Justice demands that dictators who trample the human and legal rights of their fellow citizens or foreign nationals should ultimately answer to the law. This is the lesson of the ruling by Britain's highest court denying immunity from prosecution for Augusto Pinochet, Chile's former strongman.
The atrocities committed by the Chilean army after Pinochet's 1973 coup d'etat ousted the constitutionally elected government of Salvador Allende have been amply documented. Crooked politics and strong-arm tactics allowed the dictator literally to get away with murder at home. His case remains a cruel model of the impunity with which military leaders have ruled in Latin America.
For Pinochet, that shield began to crumble on Oct. 16, the day the 83-year-old Chilean senator was preparing to leave a London clinic where he had been receiving medical treatment. British officials arrested him on a warrant from Spanish judge Baltazar Gracian, who demanded that the old dictator be extradited to Madrid to stand trial for the deaths and disappearances of more than 3,000 people under his brutal regime, including a number of Spanish citizens.
Gracian based his extradition request on nine separate international conventions and agreements dealing with crimes against humanity, highlighting the growing support for justice on an international footing.
Legal wrangling in Santiago, London and Madrid continued for weeks, with Britain's highest court finally ruling last Wednesday that no diplomatic agreements or niceties could shield the man whose name still evokes terror in Chile. Britain's law lords, sitting as the highest court in the land, ruled 3 to 2 that Pinochet enjoys no immunity from prosecution as a former head of state in a matter of gross human rights abuses. The decision to accede to Spain's request for Pinochet's presence in a Spanish court now rests with British Home Secretary Jack Straw, who must decide whether to release Pinochet or proceed with the extradition process.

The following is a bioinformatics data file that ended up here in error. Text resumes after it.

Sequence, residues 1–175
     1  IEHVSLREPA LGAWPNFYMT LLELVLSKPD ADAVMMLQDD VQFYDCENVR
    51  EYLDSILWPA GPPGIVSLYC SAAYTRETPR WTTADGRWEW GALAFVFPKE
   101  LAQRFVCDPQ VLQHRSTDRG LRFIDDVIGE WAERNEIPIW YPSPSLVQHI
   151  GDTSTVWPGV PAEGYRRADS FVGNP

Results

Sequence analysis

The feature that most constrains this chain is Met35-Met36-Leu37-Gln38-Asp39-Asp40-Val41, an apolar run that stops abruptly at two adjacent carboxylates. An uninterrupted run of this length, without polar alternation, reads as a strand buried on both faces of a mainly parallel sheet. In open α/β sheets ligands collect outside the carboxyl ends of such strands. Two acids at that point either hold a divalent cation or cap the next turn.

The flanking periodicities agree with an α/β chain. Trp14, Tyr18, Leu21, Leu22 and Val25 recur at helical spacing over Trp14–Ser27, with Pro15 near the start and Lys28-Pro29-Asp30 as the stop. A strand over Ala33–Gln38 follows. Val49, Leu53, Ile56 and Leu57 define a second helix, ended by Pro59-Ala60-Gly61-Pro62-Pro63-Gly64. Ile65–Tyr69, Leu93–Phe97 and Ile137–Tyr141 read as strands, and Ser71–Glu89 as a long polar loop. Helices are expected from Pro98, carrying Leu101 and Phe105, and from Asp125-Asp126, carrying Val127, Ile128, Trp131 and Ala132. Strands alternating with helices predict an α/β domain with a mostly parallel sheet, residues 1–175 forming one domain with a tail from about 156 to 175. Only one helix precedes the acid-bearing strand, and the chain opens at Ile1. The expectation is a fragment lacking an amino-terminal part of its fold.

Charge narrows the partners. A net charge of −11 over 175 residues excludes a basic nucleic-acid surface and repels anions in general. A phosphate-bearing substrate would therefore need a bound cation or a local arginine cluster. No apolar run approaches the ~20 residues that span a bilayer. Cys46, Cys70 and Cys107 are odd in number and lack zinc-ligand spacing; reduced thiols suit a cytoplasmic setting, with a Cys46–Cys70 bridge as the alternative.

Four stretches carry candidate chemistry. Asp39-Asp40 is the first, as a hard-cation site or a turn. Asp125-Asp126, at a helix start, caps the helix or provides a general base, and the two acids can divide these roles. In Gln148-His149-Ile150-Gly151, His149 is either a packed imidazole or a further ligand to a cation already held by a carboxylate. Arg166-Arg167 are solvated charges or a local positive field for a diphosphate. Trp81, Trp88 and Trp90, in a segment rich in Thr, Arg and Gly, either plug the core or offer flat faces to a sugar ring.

Justice will be served if the former dictator is sent to Madrid to face his accusers.
An unfortunate voice in this bitter legal struggle was that of former British Prime Minister Margaret Thatcher, who argued for Pinochet's release and reminded the justices that he supported the British in the Argentinian invasion of Britain's Falkland Islands in 1982. Thatcher is wrong. She knows the toll that the dictator's soldiers took in repressing opposition to his rule. This matter now stands where it should, in the judicial processes among nations.